In its open position the door defines a stairwell for accessing the aircraft or alternatively deplaning from the aircraft. The fact that commuter aircraft doors pivot about a horizontal axis creates a number of complications for the operator of a conventional boarding bridge structure which has been designed for use with aircraft having doors which pivot about a vertical axis. In those instances wherein a bridge is used to service a commuter aircraft, the bridge is conventionally brought into abutment against the aircraft fuselage subsequent to the opening of the aircraft door. The operator of a conventionally constructed bridge is confronted with the problem of accommodating the boarding bridge to a door having upstanding structure which is not a conventional feature of doors found on commercial aircraft. Of specific concern is the provision of a floor arrangement which provides a safe egress and ingress from the aircraft portal to the main structure of the boarding bridge.
It should be appreciated that aircraft boarding bridges seek to provide a passageway which is of considerable height above the surface of the underlying tarmac. Understandably, considerations of safety play a pivotal role in boarding bridge design. Changes in the configuration of the floor system of a boarding bridge, which are often mandated in transitioning from servicing an aircraft of one type to servicing an aircraft of a different configuration, present a significant safety concern in that adequate measures need to be taken to preclude passengers from inadvertently falling through openings in the floor system which may be created during any reconfiguration of the floor system.
It follows that there presently exists a need for an engagement structure for a boarding bridge which at once addresses the need to provide a means of accommodating varied aircraft door constructions, particularly vertically pivoted doors and horizontally pivoted doors. Some effort has been made in the past to address this issue. One such effort is disclosed in U.S. Pat. No. 6,122,789 (Stephenson et al).
Notwithstanding the efforts made in the past, a continuing need exists for an engagement structure adapted for providing a dimensionally adjustable floor system for the transition area between the aircraft and the main structure of the boarding bridge which likewise is suitable for use with both types of aircraft door structures. It is further recognized that such an engagement structure should minimize safety concerns. Such an engagement structure should provide flexibility and adaptability whereby the boarding bridge may be used to service aircraft having a variety of doorway constructions of various dimension, configuration, orientation and operation.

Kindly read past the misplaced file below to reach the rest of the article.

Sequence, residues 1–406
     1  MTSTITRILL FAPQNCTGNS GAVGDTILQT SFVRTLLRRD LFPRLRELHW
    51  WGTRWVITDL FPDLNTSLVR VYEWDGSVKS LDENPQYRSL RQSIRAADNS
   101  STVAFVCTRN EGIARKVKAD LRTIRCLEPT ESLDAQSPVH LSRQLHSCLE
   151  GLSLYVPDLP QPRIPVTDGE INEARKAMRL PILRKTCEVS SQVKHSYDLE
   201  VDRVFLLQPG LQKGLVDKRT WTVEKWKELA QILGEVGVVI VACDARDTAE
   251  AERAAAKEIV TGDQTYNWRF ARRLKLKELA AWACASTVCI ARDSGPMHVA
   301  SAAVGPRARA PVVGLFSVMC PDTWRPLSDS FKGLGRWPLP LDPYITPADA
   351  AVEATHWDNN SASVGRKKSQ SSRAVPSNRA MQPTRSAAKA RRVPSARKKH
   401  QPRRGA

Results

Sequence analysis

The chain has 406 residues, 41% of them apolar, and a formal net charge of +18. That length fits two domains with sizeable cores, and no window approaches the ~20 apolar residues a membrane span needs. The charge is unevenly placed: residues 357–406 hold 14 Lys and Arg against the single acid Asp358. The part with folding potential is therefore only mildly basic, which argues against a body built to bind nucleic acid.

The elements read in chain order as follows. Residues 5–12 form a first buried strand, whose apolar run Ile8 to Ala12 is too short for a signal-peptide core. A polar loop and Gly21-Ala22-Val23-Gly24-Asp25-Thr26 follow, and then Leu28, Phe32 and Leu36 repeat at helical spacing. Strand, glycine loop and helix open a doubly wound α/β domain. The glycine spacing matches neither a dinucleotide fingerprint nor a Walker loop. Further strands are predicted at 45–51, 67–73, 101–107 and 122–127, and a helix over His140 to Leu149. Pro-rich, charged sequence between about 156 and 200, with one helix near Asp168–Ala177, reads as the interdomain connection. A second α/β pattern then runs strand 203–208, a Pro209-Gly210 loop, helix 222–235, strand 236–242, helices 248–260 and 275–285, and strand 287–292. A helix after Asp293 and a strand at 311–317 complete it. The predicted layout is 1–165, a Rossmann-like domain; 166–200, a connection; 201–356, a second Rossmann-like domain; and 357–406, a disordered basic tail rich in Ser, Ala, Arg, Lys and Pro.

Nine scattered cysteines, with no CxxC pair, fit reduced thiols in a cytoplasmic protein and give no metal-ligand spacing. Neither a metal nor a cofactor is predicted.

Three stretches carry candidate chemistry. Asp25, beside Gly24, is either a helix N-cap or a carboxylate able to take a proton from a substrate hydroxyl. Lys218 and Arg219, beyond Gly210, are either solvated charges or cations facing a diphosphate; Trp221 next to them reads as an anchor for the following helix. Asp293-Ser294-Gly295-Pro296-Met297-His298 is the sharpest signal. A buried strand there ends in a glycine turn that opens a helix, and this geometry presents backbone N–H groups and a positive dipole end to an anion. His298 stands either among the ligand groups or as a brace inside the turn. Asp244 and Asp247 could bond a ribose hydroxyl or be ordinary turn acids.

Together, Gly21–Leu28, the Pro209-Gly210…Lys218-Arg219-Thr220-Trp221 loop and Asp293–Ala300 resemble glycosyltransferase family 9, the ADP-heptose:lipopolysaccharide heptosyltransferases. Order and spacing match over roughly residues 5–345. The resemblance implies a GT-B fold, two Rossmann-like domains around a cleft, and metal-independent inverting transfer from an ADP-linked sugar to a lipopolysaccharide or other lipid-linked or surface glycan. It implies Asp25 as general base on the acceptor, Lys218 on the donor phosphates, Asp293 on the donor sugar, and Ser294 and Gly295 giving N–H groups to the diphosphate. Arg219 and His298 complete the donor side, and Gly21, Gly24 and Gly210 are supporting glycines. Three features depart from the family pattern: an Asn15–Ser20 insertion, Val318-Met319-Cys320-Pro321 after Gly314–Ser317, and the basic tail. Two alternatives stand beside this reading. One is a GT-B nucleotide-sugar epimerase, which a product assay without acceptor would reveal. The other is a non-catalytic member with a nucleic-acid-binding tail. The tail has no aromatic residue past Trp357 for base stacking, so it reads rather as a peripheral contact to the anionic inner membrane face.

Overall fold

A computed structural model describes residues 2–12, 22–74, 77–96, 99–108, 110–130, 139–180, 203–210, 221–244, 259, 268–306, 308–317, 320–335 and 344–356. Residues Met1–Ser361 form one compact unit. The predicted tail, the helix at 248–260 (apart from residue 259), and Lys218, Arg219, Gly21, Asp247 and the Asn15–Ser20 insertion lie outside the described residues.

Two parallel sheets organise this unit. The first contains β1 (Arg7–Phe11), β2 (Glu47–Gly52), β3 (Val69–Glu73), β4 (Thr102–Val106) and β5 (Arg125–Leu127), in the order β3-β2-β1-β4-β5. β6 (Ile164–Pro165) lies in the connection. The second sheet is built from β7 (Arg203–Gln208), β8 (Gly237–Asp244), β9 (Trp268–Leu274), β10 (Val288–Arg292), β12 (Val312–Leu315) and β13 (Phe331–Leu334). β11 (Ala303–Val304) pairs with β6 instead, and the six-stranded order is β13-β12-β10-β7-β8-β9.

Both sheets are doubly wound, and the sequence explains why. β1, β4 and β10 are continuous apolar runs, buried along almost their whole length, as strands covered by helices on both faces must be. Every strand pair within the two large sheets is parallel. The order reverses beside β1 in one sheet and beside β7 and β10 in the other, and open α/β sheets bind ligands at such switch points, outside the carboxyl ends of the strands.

An adaptable cab floor adapted for use with an aircraft boarding bridge is disclosed. The cab floor includes a frame structure which supports a generally horizontal floor surface. In a first orientation the frame structure and floor surface define an opening dimensioned to permit the passage there through of a door, or a portion of a door, of a commuter aircraft, e.g. a door which rotates about a horizontal axis. The frame structure is fitted with an assembly adapted to provide a walking surface over the aforesaid opening in a second orientation. This assembly includes at least one floor panel which is displaceable relative to the frame structure. The frame is fitted with a first floor panel which is rotatably connected to the frame structure about its proximal end. The first floor panel defines an upper surface configured to provide a walking surface for passengers exiting or entering the aircraft. This first floor panel extends outwardly from the frame structure and is oriented, in a first condition, to extend from its proximal end positioned adjacent to the frame structure to its distal end which is positioned proximate the door portal of an aircraft positioned adjacent to the cab floor assembly. In this first condition, the first floor panel extends into or over the aforesaid opening to define a bridge between the floor surface of the frame structure and the entry/exit portal of the aircraft. In a second condition, the first floor panel is rotated out of the opening defined by the floor structure sufficiently to permit the passage through the opening of the door and associated airstair assembly of a commuter aircraft.